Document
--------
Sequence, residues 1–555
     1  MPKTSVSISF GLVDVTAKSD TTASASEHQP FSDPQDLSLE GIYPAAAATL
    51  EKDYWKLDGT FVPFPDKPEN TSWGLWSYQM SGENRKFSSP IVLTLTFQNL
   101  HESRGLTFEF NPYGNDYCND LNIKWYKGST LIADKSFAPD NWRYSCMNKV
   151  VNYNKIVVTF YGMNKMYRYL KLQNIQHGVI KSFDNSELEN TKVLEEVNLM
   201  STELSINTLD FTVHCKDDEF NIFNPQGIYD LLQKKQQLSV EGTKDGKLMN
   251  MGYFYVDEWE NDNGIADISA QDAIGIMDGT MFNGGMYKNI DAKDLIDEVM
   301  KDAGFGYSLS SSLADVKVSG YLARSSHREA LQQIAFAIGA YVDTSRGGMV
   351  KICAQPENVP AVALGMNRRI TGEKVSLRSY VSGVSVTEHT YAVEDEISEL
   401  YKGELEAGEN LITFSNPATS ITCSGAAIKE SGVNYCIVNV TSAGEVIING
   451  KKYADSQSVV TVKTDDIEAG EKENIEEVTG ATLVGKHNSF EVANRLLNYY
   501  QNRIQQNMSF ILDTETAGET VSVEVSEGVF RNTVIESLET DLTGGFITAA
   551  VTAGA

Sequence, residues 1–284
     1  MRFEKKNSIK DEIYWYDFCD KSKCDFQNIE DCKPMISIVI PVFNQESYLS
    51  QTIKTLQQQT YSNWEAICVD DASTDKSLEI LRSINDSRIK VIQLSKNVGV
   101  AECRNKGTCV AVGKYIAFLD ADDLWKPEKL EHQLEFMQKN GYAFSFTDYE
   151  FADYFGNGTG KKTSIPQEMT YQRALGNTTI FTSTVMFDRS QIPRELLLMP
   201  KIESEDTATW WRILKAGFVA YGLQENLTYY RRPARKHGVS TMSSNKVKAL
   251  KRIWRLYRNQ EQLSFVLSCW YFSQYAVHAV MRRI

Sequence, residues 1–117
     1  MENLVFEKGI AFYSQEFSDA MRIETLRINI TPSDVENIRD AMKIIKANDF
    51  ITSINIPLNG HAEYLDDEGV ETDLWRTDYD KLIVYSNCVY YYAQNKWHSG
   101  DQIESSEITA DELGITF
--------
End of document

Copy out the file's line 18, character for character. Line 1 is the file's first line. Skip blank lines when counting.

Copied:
   151  FADYFGNGTG KKTSIPQEMT YQRALGNTTI FTSTVMFDRS QIPRELLLMP